It Seemed Like a Good Idea at the Time
The direct technological roots of IA-64 go back to a time when the computing world was eagerly awaiting Intel’s exciting new million transistor processor, the i486. In early 1989 a group was set up in HP Labs to adapting VLIW technology to general purpose computing applications . That effort soon merged with a separate group looking to find a successor to HP’s PA-RISC architecture. The joint program resulted in the development of an instruction set architecture called Precision Architecture – Wide Word (PA-WW). PA-WW was the predecessor of the technology that years later would be named EPIC (Explicitly Parallel Instruction Computing) by Intel’s marketing department.
HP first approached Intel in late 1993, even before PA-WW was finalized. The reason was simple, HP wisely realized it could not stay in the MPU manufacturing business. The cost of process and fab development was growing geometrically with each new process generation and even a well managed and successful company like HP could not keep paying for it from the sales of proprietary hardware. This was the same conclusion that Digital Equipment Corporation (DEC) came to several years later but not before critically damaging its balance sheet and entering a period of decline that ultimately resulted in its acquisition by Compaq.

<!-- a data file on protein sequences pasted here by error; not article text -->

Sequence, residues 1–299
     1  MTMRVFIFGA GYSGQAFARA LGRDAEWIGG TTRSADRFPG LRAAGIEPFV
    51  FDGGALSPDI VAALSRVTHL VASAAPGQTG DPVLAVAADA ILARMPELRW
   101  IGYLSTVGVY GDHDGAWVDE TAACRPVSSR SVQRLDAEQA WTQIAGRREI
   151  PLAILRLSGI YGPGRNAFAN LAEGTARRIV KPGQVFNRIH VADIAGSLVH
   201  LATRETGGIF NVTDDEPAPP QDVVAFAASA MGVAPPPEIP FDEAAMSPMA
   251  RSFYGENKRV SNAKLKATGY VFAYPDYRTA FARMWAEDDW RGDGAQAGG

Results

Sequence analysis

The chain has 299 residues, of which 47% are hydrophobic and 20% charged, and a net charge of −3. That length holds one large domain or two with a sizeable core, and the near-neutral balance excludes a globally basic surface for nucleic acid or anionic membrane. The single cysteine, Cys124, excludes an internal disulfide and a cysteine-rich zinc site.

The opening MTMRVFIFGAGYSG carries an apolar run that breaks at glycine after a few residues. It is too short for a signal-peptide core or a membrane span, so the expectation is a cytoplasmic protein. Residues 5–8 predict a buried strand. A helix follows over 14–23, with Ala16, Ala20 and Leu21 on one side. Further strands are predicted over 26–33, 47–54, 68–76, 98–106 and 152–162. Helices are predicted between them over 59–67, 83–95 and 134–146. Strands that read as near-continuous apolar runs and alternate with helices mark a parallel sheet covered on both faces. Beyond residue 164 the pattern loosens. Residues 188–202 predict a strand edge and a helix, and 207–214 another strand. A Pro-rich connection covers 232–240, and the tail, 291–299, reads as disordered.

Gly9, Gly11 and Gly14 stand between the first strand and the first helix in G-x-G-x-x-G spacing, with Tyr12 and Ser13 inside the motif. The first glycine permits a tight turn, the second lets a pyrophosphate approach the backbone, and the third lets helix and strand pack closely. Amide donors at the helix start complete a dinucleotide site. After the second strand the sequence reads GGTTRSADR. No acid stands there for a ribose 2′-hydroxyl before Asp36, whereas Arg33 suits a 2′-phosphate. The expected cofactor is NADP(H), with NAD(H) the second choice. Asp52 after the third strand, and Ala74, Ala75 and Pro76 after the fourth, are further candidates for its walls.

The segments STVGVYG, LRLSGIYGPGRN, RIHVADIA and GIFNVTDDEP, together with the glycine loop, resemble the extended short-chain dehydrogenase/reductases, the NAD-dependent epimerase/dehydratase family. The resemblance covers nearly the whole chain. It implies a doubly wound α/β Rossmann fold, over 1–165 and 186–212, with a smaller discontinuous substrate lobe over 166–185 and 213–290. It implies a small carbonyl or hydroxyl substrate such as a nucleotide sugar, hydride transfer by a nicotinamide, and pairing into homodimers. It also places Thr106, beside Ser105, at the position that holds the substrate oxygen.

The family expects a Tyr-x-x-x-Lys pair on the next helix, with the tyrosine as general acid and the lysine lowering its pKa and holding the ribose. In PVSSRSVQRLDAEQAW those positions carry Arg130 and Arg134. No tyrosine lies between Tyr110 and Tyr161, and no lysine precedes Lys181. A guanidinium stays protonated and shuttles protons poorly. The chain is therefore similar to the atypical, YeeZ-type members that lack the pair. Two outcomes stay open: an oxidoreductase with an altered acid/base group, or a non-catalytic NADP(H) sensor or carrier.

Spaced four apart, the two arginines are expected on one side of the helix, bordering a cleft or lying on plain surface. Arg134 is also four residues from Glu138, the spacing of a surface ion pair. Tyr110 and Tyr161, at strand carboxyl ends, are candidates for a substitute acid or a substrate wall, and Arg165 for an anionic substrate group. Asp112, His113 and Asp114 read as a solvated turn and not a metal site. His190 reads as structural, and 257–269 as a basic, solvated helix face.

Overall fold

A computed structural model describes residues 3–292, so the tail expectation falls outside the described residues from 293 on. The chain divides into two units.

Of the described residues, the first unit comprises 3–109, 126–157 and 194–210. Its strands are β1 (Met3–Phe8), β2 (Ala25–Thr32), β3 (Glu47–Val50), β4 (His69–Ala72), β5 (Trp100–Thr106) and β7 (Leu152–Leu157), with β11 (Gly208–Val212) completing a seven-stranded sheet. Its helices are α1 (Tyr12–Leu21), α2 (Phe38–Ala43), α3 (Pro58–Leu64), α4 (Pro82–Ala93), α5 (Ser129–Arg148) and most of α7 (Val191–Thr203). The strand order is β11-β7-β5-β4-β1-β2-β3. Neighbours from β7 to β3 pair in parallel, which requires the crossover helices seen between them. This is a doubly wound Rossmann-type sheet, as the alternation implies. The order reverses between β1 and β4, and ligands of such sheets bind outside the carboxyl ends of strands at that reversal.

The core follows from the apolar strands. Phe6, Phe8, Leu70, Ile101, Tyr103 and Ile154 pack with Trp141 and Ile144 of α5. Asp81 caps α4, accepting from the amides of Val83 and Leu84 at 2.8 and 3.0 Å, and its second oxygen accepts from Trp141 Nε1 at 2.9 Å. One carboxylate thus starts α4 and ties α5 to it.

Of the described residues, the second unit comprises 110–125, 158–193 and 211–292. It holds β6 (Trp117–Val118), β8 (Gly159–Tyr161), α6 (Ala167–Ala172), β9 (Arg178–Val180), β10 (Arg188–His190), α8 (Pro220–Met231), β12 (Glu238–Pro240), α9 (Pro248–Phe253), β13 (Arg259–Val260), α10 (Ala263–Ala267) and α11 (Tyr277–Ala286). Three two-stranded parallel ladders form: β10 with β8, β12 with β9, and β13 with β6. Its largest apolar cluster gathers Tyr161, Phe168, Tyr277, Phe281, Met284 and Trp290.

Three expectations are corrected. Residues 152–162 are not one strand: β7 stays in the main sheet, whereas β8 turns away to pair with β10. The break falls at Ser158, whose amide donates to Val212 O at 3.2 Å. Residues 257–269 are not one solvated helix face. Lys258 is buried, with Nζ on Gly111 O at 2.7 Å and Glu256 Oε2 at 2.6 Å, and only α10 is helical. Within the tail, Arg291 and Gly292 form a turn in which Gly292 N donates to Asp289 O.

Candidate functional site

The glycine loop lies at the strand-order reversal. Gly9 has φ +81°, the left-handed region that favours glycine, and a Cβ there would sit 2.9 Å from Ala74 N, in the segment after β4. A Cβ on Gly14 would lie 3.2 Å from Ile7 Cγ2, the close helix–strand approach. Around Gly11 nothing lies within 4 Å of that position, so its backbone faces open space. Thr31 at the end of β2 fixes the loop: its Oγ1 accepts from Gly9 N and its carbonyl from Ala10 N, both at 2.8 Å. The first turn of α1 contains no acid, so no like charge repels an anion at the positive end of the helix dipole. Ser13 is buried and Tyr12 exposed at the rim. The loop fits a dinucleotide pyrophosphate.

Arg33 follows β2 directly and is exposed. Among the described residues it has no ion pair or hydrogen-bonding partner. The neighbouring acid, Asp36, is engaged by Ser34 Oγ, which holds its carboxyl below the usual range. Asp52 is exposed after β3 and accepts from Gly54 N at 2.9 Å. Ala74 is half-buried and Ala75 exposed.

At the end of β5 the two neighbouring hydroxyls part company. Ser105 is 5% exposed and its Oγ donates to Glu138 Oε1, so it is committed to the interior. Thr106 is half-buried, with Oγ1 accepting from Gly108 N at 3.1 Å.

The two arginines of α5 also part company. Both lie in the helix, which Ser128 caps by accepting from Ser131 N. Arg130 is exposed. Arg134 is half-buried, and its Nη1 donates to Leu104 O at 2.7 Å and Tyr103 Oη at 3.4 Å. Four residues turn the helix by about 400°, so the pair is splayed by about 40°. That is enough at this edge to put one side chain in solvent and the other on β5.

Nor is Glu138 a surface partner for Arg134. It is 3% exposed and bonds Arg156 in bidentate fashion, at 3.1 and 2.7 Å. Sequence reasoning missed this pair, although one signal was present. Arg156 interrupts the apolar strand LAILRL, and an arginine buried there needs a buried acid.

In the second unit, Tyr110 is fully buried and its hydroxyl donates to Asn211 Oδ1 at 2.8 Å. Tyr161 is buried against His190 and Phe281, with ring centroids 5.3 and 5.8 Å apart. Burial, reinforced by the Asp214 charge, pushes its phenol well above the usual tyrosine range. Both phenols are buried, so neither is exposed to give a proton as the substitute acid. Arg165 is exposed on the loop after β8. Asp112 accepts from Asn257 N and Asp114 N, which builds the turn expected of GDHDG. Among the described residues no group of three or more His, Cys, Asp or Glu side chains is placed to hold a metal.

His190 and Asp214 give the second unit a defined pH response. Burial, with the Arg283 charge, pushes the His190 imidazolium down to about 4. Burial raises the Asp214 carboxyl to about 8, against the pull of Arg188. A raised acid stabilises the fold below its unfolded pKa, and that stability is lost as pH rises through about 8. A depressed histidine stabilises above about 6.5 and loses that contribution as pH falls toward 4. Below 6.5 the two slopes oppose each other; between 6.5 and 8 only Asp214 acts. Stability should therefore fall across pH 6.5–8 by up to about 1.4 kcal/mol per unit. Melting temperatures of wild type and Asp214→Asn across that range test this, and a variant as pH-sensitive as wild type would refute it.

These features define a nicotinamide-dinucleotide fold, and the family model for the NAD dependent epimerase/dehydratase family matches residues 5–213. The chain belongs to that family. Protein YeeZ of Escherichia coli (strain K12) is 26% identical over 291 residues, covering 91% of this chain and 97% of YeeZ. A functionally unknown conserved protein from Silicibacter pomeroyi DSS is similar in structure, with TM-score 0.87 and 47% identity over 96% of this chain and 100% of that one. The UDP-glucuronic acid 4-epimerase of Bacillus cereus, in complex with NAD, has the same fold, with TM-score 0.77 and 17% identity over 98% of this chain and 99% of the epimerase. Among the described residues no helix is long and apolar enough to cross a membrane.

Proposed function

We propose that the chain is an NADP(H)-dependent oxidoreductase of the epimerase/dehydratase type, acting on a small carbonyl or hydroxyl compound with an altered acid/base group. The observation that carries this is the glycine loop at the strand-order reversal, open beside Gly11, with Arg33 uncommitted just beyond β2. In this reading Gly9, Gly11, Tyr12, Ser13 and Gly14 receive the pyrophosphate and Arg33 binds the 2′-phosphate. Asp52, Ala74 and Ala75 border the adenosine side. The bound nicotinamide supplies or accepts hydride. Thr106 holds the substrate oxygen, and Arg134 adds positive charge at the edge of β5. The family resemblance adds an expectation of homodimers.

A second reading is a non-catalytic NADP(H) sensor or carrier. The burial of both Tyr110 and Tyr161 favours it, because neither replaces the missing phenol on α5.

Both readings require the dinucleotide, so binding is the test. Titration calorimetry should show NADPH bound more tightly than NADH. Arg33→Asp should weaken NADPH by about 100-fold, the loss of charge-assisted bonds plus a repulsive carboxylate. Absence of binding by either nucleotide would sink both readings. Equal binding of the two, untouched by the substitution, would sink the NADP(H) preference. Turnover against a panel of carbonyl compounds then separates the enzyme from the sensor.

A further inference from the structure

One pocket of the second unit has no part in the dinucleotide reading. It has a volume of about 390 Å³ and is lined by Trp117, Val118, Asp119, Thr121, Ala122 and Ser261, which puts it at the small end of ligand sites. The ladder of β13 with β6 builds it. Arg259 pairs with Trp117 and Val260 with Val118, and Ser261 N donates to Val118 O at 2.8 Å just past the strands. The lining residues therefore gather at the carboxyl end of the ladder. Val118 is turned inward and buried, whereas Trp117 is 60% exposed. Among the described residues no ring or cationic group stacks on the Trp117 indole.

Ironically, both HP’s and DEC’s chip manufacturing woes were ultimately solved by Intel. In DEC’s case their Hudson fab was purchased by Intel as one of the terms in a complex out-of-court settlement of a patent infringement suit DEC launched against Intel in May, 1997. Reflective of the famous ‘HP way’ of non-confrontational consensus building, HP took the more diplomatic approach of offering its PA-WW technology and IP to Intel in exchange for the inclusion of minor features to ease the transition of its PA-RISC customer base to the new architecture. For Intel, an organization with little demonstrable aptitude for creating praiseworthy processor architectures, HP’s offer of PA-WW in exchange for little more than rights to buy chips from Intel must have been quite appealing. The still open question is, did Intel bet on the right 64-bit horse? Is EPIC the future of computing or an evolutionary dinosaur, unable to thrive amid nimbler and more efficient competitors?
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